Low-frequency distributed acoustic sensing (LF-DAS) has recently received much attention for its ability to monitor fracture propagation at offset wells. Hydraulic Fracture Test Site-2 (HFTS-2), a Department of Energy–sponsored field-based research experiment, has acquired LF-DAS data sets during the stimulation of many horizontal wells in the Wolfcamp Formation of the Permian Basin. Over 100 stimulated stages with different completion designs in four horizontal wells were monitored by two horizontal offset wells and one vertical pilot hole with permanent fibers. The parent well depletion affected all four horizontal wells in almost half of their lateral section. Several studies have been performed on the acquired comprehensive data set. In this study, we apply our novel Green’s function-based inversion algorithm to calculate the fracture width of each stage and investigate the impact of parent well depletion on fracture geometry. The Green’s function-based inversion algorithm has been successfully applied to a few stages of field case studies. The Green’s function matrix was built based on linear elasticity theory (3D displacement discontinuity method) to relate the fracture openings with strain responses measured along the length of the fiber. This novel algorithm only relies on measured strain to solve fracture geometry at the monitoring well. Therefore, it is independent of the physics of the fracture propagation process and can be used to validate hydraulic fracture modeling results. Using our inversion algorithm, we can efficiently and quantitatively interpret LF-DAS data to provide information on fracture geometry and completion efficiency.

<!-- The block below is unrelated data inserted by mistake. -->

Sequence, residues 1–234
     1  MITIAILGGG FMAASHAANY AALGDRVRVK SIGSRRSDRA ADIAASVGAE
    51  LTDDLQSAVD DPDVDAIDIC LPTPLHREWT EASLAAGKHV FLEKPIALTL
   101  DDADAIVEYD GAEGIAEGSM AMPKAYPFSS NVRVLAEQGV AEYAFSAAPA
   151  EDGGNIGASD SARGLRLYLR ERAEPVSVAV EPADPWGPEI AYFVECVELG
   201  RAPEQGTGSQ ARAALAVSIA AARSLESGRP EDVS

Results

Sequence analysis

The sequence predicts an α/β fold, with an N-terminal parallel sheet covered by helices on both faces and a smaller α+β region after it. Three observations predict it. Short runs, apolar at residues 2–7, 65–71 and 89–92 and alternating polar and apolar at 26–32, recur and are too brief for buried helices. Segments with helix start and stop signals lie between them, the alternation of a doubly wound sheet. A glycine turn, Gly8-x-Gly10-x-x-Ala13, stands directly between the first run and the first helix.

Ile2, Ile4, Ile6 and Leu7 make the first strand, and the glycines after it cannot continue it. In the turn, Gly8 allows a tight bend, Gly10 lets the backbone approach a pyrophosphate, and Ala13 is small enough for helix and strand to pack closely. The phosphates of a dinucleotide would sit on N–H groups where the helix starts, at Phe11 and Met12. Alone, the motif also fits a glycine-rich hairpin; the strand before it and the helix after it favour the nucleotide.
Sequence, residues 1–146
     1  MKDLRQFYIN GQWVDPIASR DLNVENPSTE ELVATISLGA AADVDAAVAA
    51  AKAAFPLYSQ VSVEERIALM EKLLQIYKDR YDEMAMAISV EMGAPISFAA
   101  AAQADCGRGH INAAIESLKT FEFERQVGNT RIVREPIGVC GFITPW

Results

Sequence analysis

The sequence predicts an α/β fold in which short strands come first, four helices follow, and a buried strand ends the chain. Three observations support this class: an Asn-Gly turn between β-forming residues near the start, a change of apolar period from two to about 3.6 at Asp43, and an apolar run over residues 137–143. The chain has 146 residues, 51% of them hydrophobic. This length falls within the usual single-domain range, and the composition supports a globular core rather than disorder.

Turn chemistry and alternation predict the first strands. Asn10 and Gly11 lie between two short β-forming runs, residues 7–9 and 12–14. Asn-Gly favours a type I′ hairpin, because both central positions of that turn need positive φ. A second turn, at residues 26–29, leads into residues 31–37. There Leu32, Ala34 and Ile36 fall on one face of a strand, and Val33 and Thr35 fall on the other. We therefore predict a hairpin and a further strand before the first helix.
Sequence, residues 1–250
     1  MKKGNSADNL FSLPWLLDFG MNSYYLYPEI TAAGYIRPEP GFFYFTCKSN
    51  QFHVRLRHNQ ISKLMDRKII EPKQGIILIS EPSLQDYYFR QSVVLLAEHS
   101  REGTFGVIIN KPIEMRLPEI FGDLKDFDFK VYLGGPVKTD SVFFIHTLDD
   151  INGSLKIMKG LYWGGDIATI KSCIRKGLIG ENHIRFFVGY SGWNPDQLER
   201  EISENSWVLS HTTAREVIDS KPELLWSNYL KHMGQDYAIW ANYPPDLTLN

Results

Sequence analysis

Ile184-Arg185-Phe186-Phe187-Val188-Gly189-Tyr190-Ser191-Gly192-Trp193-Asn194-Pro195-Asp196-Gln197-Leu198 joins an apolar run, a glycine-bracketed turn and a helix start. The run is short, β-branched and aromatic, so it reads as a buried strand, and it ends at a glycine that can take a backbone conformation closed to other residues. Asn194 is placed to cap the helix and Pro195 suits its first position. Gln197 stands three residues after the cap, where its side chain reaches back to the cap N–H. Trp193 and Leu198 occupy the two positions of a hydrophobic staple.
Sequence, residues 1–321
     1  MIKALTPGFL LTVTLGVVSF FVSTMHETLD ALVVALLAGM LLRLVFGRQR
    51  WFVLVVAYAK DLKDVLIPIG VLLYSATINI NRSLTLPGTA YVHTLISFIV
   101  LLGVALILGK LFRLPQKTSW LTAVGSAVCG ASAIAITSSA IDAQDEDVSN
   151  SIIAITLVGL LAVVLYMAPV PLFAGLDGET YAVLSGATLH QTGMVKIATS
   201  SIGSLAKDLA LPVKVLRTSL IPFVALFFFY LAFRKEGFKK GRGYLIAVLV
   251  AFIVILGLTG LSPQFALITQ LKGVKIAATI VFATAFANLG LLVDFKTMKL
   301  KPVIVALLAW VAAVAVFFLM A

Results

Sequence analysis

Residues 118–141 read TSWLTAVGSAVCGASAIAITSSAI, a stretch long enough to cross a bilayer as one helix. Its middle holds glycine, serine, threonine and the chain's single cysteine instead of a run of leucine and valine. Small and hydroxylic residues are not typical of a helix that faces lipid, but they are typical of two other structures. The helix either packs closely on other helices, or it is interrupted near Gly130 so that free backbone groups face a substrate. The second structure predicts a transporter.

We analyze more than 100 stages of the LF-DAS measurements obtained at the fiber wells B3H and B4H during B1H, B2H, and B4H stimulations. We apply our inversion algorithm for four data sets covering the stimulation of the abovementioned three wells. The fracture growth at stages in the parent well’s depleted zone is biased more toward upper formation and in the easterly direction. The fracture width at the stages in the parent well’s depletion zone is reduced compared to fracture widths at stages in the nondepleted zone irrespective of the monitoring well location relative to the treatment wells. This difference in fracture widths will affect the proppant distribution to a great extent, thereby affecting the effectiveness of the stimulation. We also illustrate the application of the inversion algorithm for stages that have both conventional fracture hits with “heart-shaped” signals as well as fracture reopening signals. Our inversion algorithm gives a reasonable estimate of the fracture width that aligns with the qualitative analysis of microseismic data sets and statistic summary of fracture hit numbers of HFTS-2. We believe that this quantitative study provides us with insights into the fracture geometry due to parent well depletion effects.